If you or a loved when have been victim of an unlawful arrest, an unlawful search and seizure, police brutality, killed or maimed by law enforcement or any other form of police misconduct you may have a claim in Federal Court for damages under 42 U.S.C. § 1983. Under most circumstances the officer being sued will be defended by the County or State he works for free of charge. Additionally, it is likely that if the Officer is found to have violated your rights, that same County or State will be paying for his wrong doing. Since the State is paying the bills, the State will more than likely rely on qualified immunity to avoid civil liability. Below is the standard a plaintiff most overcome to avoid having their lawsuit dismissed based on qualified immunity.
“The test of qualified immunity is whether the officer, in performing discretionary functions, has engaged in conduct that violates “clearly established constitutional rights of which a reasonable person would have known.” Harlow v. Fitzgerald, 457 U.S. 800, 818, 102 S. Ct. 2727, 73 L. Ed. 2d 396 (1982). The reasonableness of an officer's conduct is governed by an objective standard. Harlow, 457 U.S. at 818. Under the foregoing test, determining whether qualified immunity applies presents a two-pronged inquiry: “whether the facts…make out a violation of a constitutional right” and “whether the right at issue was ‘clearly established' at the time of defendant's alleged misconduct.” Safar, 859 F.3d at 245 (quoting Pearson v. Callahan, 555 U.S. 233, 231, 129 S. Ct. 808, 172 L. Ed. 2d 565.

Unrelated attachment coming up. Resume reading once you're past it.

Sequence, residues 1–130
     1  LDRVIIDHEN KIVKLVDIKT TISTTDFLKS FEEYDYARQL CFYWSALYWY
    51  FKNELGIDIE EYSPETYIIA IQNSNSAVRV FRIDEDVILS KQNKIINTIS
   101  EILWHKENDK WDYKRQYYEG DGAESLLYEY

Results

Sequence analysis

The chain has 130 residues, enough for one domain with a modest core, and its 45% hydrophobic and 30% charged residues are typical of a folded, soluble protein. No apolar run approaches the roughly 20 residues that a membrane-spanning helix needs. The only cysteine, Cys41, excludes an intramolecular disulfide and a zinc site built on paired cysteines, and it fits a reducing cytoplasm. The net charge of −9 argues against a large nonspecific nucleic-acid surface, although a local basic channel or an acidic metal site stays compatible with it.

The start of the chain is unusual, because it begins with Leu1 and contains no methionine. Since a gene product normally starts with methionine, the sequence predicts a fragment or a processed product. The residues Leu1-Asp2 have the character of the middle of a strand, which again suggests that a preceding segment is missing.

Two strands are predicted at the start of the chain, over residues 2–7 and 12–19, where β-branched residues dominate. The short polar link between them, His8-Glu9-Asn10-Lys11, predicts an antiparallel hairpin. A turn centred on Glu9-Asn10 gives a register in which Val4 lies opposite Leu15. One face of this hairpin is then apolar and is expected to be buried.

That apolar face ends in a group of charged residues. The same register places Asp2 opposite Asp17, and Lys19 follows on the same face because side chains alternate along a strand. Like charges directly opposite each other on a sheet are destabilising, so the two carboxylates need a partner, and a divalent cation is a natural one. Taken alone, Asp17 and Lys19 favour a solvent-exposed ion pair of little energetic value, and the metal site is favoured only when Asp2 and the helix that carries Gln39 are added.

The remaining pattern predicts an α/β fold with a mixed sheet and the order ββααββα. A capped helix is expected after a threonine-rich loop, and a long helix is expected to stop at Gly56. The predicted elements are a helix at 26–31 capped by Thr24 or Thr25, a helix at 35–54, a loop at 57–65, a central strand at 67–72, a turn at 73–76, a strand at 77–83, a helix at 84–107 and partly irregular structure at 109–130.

At Kurtz, Peters and Associates we know how to defeat qualified immunity claims, so if you think your rights have been violated by the police, call us today.